Religious freedom was one issue discussed when US religious figures met Mohammed bin Salman.
Mohammed bin Salman, together with the Kingdom’s Deputy Prime Minister and Minister of Defense, received a delegation of the Christian-Evangelical Leaders in Jeddah on Tuesday. The delegation was led by the Israeli-American media writer and strategist Joel Rosenberg, who has written about terrorism in the light of biblical prophecies. Rosenberg and his wife, Lynn, founded the Joshua Fund, an organization encouraging Christians “to bless Israel and its neighbors in the name of Jesus.”
Rosenberg wrote on Twitter that “terrorism, peace, religious freedom and human rights” were discussed during the meeting with the Crown Prince.
This was a return visit for Rosenberg, who had visited other Saudi leaders in early November.
In reporting on the meeting, Religion News Service noted that Saudi Arabia is trying to forge closer ties with Evangelicals, “an influential electoral base in the U.S. that could be crucial to the 2020 elections.”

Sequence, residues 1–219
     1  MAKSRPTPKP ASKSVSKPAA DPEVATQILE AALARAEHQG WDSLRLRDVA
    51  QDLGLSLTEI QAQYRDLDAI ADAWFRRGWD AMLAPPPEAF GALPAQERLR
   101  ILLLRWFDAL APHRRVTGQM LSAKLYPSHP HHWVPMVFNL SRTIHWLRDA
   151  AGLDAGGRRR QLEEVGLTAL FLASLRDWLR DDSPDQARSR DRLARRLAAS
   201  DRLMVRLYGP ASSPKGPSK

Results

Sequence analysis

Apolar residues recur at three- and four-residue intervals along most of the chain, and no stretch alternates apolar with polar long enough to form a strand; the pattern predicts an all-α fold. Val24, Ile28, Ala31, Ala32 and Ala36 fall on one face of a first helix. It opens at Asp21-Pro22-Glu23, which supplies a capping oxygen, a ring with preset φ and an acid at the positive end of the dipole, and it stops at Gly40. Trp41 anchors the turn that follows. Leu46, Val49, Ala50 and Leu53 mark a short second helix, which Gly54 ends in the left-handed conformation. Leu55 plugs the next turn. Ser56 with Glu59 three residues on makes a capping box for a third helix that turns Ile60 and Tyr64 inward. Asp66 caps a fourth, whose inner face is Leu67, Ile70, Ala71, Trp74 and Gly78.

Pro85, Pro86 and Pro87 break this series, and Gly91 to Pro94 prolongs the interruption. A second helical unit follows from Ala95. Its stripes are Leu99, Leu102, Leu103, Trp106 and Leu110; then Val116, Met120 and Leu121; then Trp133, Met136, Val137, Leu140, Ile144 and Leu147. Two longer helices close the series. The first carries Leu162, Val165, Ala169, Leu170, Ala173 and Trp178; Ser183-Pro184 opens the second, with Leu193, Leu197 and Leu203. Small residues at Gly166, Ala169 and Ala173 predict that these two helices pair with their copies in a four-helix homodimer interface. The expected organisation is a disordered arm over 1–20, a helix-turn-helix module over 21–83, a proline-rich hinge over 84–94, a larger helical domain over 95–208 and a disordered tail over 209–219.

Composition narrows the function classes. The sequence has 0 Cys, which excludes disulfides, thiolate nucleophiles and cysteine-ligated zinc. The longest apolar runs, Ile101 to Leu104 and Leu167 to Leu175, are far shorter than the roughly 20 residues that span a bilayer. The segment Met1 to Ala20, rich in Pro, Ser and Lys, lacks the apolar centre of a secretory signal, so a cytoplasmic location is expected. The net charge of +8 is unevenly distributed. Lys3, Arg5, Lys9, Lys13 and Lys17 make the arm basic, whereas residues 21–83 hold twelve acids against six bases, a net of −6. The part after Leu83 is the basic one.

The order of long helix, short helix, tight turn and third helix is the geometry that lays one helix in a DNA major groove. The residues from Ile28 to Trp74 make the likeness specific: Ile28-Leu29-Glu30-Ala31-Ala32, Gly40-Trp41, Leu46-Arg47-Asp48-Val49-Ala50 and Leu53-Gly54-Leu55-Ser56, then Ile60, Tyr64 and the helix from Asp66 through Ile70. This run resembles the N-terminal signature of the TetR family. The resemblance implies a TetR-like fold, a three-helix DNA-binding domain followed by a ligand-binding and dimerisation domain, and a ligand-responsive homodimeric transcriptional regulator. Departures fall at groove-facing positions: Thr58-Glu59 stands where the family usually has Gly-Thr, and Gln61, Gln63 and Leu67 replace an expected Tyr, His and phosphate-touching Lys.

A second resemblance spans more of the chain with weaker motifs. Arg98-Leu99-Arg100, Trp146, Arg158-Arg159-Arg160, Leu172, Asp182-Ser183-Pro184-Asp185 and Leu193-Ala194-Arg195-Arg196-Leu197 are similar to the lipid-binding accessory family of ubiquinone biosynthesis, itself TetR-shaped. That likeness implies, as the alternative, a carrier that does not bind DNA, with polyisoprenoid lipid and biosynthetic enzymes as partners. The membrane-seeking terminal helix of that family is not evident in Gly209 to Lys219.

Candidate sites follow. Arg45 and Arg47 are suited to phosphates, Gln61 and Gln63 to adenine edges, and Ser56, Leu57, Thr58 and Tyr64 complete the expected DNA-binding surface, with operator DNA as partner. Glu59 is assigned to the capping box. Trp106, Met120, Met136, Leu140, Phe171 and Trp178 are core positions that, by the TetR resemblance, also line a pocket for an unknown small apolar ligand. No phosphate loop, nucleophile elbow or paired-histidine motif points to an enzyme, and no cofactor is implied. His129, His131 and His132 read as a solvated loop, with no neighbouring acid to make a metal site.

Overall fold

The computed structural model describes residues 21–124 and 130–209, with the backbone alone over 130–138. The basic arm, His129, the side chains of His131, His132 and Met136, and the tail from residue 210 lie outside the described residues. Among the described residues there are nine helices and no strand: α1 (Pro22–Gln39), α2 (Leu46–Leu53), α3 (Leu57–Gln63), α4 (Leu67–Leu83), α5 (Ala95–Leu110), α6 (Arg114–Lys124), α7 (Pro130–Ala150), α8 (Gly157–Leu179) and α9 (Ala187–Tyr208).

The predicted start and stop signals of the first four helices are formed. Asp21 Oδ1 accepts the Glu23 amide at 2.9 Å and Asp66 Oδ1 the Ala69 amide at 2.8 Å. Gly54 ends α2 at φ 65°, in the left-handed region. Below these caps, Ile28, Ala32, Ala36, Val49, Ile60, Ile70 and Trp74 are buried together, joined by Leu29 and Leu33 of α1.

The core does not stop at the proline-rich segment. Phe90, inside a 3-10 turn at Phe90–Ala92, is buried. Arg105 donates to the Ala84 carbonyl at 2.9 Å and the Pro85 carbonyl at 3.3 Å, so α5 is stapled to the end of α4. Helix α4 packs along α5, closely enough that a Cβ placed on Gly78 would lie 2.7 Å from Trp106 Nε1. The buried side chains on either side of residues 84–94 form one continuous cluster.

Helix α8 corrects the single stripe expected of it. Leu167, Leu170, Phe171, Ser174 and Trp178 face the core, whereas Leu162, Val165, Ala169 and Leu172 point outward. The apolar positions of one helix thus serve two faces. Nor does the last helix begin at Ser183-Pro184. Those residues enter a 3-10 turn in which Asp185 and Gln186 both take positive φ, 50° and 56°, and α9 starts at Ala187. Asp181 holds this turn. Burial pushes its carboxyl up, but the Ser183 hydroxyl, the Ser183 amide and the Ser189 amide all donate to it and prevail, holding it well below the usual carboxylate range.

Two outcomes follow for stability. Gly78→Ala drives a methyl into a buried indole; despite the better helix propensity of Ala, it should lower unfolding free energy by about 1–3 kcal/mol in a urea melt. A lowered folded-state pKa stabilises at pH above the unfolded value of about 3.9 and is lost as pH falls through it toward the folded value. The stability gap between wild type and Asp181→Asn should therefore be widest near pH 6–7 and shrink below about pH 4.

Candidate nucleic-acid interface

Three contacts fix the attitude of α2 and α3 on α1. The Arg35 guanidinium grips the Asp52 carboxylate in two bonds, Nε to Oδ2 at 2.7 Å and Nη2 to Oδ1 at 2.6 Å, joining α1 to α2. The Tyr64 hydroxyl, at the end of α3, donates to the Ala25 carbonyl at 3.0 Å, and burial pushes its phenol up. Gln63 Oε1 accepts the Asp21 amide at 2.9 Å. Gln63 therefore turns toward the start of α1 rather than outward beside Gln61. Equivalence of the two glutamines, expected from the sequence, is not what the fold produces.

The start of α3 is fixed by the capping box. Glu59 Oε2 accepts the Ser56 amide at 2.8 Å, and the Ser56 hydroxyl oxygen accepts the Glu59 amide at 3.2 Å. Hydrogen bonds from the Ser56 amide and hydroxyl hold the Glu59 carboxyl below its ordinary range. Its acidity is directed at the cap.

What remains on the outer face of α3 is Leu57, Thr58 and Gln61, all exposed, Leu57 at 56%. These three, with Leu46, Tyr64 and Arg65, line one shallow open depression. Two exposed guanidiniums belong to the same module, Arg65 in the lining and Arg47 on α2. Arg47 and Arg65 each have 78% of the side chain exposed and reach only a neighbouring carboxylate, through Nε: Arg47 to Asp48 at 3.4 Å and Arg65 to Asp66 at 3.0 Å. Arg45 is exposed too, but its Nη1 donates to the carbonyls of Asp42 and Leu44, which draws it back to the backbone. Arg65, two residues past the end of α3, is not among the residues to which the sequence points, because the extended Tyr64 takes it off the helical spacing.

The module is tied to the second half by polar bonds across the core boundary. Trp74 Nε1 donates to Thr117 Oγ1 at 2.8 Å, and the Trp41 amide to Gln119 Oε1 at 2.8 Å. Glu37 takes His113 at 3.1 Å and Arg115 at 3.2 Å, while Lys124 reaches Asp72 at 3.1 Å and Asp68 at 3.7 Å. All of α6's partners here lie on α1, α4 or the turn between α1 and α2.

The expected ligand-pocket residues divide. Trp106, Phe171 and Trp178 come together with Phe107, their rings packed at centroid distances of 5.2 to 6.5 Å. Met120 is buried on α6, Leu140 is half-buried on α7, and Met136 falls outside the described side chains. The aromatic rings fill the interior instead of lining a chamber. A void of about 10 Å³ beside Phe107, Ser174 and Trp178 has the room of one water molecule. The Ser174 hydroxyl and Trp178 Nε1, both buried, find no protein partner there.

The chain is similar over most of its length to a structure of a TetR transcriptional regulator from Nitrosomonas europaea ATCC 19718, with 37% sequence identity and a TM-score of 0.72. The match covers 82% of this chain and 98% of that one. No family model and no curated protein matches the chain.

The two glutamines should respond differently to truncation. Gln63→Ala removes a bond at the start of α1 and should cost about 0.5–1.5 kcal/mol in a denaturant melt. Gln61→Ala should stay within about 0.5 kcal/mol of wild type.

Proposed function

The prince continues to face fierce bipartisan criticism in the U.S. over the murder of Saudi critic and Washington Post columnist Jamal Khashoggi in the Saudi consulate in Turkey last year, despite denials by the kingdom that he had any involvement. …
For the crown prince and other Arab leaders, meetings such as this offer an opportunity to strengthen ties with the Trump administration through his evangelical base of supporters.
For the evangelical visitors, it is an opportunity for interreligious dialogue and to push for greater Arab support for the state of Israel.
Many U.S. evangelicals support Israel as a core part of their faith. Most believe that before Jesus can return and rule, Jews must return to the Holy Land and rebuild the Jewish Temple in Jerusalem, also the site of Islam’s sacred Al-Aqsa Mosque compound.
The nine-person delegation also included the Rev. Johnnie Moore, a co-chairman of President Donald Trump’s Evangelical Advisory Council; A. Larry Ross, a former longtime spokesman for Billy Graham, and Pastor Skip Heitzig, whose Calvary Albuquerque church in New Mexico has over 15,000 congregants, RNS reported.
A statement issued by the Saudi Embassy in Washington said the two sides discussed promoting coexistence and combating extremism.
The delegation said in a statement that its members were grateful to have deepening relationships in Saudi Arabia “to talk openly, if sometimes privately, about what we believe must change in the kingdom even as we celebrate the kingdom’s progress in so many other areas.”
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